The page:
John Shepherd explores the morality and global implications of geoengineering solutions
Humans have always had to struggle with nature, both by adapting to it and attempting to master it. We wear clothes, and build houses. When the weather grows cold, we burn fuel for warmth. When darkness falls we light candles, or use electricity for light and entertainment. We build machines to move ourselves around, and cure many of the ailments that nature throws at us.
In so many ways, we enjoy the bounty of nature while insulating ourselves from its harshness.
Beyond this list of wonders, though, there remain some areas where nature still holds sway over us: none more so, perhaps, than weather and climate. We cannot control it; we can only adapt. Despite our best efforts over the centuries, we can't make or stop the rain, we can't make it warm or cool. We can only learn to live with the consequences.
Now, it appears, we might have the power to engineer the climate to suit our needs.
Past attempts at modifying the weather in our favour, from primitive rain dances to modern day cloud seeding, have met with a combination of failure, ridicule and suspicion. Fears of military applications of nascent technologies led to the Environmental Modification Treaty (ENMOD), enacted in 1978. This banned weather modification for hostile use, but allowed for further research for peaceful purposes.
Moral hazard or the ultimate cool?
We have, of course, already altered the Earth's climate – but only by accident, as an unexpected side effect of our efforts at advancement. Now that this accident is beginning to look potentially catastrophic, some scientists are considering how we might deliberately intervene to modify the weather on an unprecedented, planetary scale: by geoengineering the climate.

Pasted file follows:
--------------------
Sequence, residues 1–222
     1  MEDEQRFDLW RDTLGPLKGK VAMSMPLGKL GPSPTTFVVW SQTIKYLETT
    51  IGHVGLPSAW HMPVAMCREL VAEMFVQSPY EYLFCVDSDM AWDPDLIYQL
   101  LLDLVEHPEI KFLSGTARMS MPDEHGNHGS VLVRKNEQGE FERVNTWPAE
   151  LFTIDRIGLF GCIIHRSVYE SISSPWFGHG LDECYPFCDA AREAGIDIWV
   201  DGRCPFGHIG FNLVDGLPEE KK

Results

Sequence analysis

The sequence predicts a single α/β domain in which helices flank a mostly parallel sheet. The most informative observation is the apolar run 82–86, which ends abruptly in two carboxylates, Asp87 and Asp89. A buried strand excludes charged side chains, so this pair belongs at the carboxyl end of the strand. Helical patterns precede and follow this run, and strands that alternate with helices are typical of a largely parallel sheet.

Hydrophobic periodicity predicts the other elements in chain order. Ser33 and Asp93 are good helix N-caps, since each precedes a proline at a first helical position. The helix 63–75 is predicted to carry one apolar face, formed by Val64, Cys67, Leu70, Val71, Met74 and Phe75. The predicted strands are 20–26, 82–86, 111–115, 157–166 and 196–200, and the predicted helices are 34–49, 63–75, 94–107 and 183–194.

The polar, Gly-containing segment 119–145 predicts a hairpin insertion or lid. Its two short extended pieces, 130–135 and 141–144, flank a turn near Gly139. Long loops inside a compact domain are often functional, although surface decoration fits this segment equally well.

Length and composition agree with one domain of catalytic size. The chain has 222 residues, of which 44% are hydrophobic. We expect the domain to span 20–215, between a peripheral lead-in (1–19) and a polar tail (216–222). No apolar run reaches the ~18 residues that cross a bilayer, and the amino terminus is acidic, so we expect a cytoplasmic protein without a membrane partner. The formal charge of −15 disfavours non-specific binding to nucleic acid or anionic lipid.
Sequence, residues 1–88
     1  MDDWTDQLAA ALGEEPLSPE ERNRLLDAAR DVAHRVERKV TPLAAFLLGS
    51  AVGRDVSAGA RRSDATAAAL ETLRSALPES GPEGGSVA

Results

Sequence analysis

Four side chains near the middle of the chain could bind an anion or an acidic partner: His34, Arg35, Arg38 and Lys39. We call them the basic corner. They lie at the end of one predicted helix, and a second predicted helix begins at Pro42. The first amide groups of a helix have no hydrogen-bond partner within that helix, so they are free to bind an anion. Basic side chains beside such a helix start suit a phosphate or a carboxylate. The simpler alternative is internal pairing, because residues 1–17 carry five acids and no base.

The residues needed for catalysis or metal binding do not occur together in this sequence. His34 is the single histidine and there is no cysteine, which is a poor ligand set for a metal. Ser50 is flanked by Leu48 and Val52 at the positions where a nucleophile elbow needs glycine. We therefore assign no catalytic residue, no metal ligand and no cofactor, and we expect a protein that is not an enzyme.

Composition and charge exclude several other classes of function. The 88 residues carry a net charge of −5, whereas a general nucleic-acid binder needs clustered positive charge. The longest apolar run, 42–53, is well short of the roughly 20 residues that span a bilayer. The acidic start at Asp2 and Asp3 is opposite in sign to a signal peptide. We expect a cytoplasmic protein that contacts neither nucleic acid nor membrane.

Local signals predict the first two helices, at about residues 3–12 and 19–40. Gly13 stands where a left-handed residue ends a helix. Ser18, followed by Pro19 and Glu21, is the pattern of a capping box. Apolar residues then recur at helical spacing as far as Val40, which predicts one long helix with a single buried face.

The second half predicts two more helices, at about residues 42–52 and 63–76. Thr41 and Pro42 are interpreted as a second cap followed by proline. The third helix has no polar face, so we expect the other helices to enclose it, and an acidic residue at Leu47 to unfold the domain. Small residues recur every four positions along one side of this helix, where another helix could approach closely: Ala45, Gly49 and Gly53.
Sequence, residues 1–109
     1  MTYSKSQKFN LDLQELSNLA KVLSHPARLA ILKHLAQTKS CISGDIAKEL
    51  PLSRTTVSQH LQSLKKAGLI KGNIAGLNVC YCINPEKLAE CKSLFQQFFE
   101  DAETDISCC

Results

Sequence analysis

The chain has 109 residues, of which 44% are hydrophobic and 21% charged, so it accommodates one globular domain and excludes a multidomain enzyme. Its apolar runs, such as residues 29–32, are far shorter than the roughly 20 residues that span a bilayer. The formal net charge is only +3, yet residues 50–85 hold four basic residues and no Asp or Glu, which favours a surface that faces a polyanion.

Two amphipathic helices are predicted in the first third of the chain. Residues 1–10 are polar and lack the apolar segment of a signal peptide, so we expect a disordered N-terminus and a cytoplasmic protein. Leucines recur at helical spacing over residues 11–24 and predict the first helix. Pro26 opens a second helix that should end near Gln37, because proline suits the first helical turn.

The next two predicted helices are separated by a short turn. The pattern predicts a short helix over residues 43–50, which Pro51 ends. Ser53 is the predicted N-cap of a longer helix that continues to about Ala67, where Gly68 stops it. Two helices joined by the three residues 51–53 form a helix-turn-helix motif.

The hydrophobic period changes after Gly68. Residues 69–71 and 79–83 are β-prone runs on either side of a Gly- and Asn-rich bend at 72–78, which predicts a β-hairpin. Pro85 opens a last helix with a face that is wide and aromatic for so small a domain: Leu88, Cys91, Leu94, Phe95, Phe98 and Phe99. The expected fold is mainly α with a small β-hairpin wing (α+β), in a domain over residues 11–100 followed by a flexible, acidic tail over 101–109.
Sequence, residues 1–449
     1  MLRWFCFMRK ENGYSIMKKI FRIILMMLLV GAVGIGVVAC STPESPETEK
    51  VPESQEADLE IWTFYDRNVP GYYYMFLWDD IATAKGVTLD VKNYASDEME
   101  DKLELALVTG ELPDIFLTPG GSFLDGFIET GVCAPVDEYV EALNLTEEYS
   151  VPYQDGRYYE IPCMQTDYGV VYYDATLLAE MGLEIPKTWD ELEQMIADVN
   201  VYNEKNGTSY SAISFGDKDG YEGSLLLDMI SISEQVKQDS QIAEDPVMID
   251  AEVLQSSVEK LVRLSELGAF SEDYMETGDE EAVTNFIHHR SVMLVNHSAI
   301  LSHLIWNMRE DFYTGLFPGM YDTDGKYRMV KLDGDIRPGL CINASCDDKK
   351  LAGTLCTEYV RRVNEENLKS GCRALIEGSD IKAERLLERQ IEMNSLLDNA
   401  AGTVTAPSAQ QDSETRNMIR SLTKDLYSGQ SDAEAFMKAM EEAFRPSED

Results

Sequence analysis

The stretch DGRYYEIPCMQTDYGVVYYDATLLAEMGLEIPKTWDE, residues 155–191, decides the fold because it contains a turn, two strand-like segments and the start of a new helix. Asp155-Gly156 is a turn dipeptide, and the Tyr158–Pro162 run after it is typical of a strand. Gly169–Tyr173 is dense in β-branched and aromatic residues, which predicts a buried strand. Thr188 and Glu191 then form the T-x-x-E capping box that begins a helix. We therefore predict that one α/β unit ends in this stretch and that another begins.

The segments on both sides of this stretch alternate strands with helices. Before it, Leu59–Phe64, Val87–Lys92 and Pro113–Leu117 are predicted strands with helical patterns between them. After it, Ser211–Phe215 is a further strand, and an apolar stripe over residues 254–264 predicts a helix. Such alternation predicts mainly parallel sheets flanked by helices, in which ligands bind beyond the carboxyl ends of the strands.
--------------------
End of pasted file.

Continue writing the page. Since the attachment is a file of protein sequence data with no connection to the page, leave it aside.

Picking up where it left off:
It is a simple enough idea. By scrubbing greenhouse gases directly from atmospheric air, or by reflecting away a small percentage of the sun's light and energy, it could be possible to reduce, or even reverse, the rate of global warming. It might conceivably be feasible to halt it altogether, and stabilise the climate in an optimum state.
Therein lie both the promise and the peril of geoengineering. On the one hand, it could buy us vital time to reduce emissions to a sustainable level. Despite global negotiations for over 20 years, we have not yet cut our overall carbon emissions at all, let alone on the scale required. So if geoengineering does turn out to be feasible, as well as easier, cheaper or more politically acceptable than reducing emissions, then it could rapidly become the path of least resistance.
But this could create a moral hazard: after all, why incur all the cost and complexity of cutting carbon if geoengineering makes it possible to carry on business as usual? There may also be unexpected – and potentially disastrous – side effects. Never before have we tried to modify our environment on such a scale. If we succeed in doing so, it may come to be considered humanity's greatest achievement – or its worst mistake.